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Tuesday, July 29, 2008

Bluetooth Security Presentation

As I mentioned yesterday I’ll be speaking at a conference about wireless security and along with WiFi or 802.11 wireless, the topic will cover Bluetooth technology which is widely used today in cell phones. I’m including an outline of my talk and welcome your comments, suggestions and stories.

One important thing to remember is your cell phone is a computer. It stores your personal data and can communicate easily with the world. Proper use includes keeping your data backed up regularly and keeping it secure. One of the common ways your cell phone or PDA communicates is using technology called Bluetooth. Just like your computer, you should know about the following.

  • Discovery Mode
    This is a special mode that allows you to sync or pair up two devices that provide Bluetooth communications. In discovery mode information about your cell phone is readily available to Bluetooth scanners. In most new phones, when you turn on Discovery mode it will only be available for a short time frame. While this sometimes makes it a pain to pair up devices it’s a great safety feature. Your phone should never remain in Discovery Mode.
  • Keep your Phone to yourself
    Don’t let others mess around with your phone. Every phone has a physical Bluetooth network address which can’t be changed. Someone checking out your phone can find this numeric address and use it to communicate with your phone even when it’s not in discovery mode. This unique number can not be changed and will look something like 11:1A:D9:EB:11:C7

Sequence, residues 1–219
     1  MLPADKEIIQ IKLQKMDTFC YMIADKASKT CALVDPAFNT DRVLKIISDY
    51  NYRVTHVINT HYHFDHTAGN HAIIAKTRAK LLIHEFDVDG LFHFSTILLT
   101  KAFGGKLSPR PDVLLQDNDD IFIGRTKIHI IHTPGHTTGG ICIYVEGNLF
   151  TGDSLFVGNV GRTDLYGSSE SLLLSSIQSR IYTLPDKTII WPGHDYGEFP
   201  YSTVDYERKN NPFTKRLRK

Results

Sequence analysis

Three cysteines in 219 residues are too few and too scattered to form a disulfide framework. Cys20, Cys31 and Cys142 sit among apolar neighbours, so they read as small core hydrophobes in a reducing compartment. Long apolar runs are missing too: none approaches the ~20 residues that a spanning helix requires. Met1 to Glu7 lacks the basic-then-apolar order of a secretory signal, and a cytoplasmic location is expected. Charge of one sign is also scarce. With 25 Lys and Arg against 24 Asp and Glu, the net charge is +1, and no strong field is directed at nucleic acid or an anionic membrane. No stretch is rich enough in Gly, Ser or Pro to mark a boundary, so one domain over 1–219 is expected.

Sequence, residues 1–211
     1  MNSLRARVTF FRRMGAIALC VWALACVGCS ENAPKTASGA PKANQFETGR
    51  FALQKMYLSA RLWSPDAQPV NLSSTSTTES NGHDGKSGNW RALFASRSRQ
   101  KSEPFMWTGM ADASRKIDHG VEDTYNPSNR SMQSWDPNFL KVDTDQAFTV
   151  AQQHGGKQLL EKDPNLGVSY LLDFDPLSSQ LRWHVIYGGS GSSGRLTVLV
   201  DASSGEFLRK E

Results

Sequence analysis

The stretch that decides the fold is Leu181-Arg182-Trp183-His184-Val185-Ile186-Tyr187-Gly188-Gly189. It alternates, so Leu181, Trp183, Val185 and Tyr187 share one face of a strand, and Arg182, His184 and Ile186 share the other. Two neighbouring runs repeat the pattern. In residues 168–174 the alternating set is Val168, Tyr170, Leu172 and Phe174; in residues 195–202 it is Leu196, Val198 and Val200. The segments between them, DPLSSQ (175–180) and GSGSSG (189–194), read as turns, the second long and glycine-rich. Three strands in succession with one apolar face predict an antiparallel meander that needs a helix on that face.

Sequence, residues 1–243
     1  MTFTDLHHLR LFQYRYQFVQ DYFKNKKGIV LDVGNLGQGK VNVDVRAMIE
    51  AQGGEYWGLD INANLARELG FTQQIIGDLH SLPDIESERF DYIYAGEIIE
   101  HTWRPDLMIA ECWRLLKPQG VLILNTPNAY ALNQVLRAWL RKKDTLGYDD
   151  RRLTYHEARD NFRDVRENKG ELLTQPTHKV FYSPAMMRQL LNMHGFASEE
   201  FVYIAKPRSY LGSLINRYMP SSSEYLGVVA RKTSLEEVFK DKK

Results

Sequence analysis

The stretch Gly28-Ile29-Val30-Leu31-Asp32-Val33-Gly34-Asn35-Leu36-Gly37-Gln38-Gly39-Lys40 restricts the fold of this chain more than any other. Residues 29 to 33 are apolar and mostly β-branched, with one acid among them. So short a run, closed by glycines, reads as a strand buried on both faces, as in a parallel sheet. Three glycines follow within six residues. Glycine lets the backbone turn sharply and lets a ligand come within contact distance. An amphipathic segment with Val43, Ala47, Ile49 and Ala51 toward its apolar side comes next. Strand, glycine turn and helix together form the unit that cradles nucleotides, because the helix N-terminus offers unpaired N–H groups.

• Passwords
    Just like on your computer your password should not be 1234 or your birthday. It should not be your address, pets name or the same as your ATM pin.
  • Unsoliticated Connection Requests
    Don’t be shocked if you receive a request to connect for an update or what looks like a news story or free ringtone. It’s very possible this could be an illegitimate attempt at a pairing. If you do get an unsolicited request reply No. If it appears to come from your phone company, you can always call them directly to confirm.
  • Update your firmware
    Again, just like on your computer, you should regularly connect to your phone vendor and see if any “firmware” updates are available. It’s possible that some kind of security hole was found in your phone’s software and a firmware update could be needed to repair it.

  • Encryption
    When syncing up your address book or or other data with your computer check to see if encryption is available. This may require you to remember another password but it’s a good idea. While Bluetooth data is designed to only be available in short distances there are antenna’s out there which increase the ability to read Bluetooth data.



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